USA TODAY - written by Johanna Jainchill,.
With oil prices soaring this week due to unrest in the Middle East, North American cruise passengers can't help but wonder if fuel surcharges are soon to come. Cruise lines have made no indication that they are considering it, and have so far resisted implementing the fees despite oil's steady price climb over the last year.
However, light sweet crude oil, which most cruise lines use, is hovering at the $100 per barrel range, according to the New York Mercantile Exchange Index. When the cruise lines eliminated their fuel supplements, they established fuel price thresholds at which they reserved the right to reinstate the surcharges. For Norwegian Cruise Line and the brands of Royal Caribbean Cruises Ltd., it was $65 per barrel. For the Carnival Corp. lines, it was $70.
Current prices are still low compared to 2008, when cruise lines were among many companies that collected supplements as crude oil reached record prices of $145 per barrel.
But those fees were controversial and negatively perceived from the start. The Florida Attorney General's Office opened an investigation into possible cruise line collusion and whether it was legal to assess the charges retroactively, and both Carnival Corp. and Royal Caribbean Cruises Ltd. eventually refunded millions of dollars for the retroactive charges.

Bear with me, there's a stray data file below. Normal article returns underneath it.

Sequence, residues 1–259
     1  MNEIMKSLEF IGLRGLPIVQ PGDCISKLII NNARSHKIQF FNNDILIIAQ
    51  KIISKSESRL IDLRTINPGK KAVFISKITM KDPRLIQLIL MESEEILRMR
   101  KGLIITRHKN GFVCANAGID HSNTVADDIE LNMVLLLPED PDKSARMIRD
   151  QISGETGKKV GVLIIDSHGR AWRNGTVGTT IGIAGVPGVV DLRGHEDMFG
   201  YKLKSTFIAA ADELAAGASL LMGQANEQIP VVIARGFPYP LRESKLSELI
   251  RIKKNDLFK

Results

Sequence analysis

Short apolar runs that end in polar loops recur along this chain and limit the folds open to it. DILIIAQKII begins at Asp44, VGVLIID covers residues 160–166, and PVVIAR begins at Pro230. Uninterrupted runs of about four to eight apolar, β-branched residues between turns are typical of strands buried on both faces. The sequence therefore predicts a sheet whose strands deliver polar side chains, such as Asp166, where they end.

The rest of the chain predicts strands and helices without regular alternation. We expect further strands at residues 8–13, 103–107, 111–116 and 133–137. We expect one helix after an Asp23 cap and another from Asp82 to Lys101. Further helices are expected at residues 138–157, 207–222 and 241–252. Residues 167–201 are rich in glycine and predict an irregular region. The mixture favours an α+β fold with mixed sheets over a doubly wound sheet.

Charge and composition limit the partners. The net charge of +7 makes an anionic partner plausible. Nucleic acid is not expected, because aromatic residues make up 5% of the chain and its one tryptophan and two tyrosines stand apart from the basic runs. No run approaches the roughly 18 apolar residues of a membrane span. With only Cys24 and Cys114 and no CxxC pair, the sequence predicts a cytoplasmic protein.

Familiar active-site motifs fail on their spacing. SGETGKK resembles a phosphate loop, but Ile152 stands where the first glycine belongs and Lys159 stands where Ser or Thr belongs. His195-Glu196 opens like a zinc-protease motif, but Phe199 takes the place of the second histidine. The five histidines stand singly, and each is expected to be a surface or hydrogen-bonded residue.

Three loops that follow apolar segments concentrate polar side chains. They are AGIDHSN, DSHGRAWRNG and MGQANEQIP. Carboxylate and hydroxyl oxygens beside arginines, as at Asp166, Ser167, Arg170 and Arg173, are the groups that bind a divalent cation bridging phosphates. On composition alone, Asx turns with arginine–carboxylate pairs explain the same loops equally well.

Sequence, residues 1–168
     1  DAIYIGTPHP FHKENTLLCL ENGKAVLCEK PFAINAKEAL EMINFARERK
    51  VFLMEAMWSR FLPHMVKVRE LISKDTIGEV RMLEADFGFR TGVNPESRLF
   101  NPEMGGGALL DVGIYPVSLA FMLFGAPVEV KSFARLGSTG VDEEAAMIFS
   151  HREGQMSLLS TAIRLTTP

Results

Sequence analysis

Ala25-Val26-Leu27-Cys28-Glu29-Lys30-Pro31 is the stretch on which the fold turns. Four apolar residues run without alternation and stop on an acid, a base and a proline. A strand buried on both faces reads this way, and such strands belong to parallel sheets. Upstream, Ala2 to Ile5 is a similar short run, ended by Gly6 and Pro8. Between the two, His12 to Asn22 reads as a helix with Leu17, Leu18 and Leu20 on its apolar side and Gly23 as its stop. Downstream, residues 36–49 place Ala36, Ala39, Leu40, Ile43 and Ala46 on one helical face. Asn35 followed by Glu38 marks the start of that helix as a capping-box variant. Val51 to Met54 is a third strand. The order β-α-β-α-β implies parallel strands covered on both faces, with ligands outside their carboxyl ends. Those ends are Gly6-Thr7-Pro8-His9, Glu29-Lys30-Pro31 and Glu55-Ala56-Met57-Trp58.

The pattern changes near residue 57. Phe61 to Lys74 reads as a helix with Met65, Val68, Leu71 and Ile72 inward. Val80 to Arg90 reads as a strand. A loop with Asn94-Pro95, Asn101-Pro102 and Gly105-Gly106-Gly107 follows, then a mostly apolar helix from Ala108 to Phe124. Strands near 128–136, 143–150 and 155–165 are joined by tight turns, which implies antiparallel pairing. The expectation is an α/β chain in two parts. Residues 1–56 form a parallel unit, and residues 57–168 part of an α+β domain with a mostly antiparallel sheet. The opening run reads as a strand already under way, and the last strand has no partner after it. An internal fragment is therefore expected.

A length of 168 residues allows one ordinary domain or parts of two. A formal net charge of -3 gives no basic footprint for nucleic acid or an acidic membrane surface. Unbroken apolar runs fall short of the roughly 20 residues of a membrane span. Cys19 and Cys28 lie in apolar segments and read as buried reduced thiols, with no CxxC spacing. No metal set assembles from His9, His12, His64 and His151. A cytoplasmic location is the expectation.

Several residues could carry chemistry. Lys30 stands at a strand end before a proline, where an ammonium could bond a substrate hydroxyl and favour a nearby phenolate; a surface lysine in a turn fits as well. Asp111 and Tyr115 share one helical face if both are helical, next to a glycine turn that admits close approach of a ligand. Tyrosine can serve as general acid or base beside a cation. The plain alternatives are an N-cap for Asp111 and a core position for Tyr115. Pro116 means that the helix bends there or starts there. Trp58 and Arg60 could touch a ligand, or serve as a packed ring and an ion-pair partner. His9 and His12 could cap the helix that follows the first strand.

Wall Street analysts this week are saying that cruise lines are hesitant to reinstate the fees for various reasons - especially while oil prices are still so volatile.
"We believe cruise line managements have been hesitant to reinstate a surcharge in an environment where prices were not rising rapidly," said Robin Farley, UBS leisure analyst, in a note to investors. "If recent spikes in oil prices continue at the same velocity a fuel surcharge is possible, but we continue to believe the companies would all prefer not to implement any sort of fuel surcharge."
"We believe the industry will be patient before implementing fuel surcharges given the very volatile nature of oil and fuel pricing over the last several weeks," he wrote. "While demand and pricing fundamentals remain very solid, the industry is well aware that consumers to a large degree view ticket pricing and fuel charges as fungible focusing on the total cost of a cruise vacation in our view."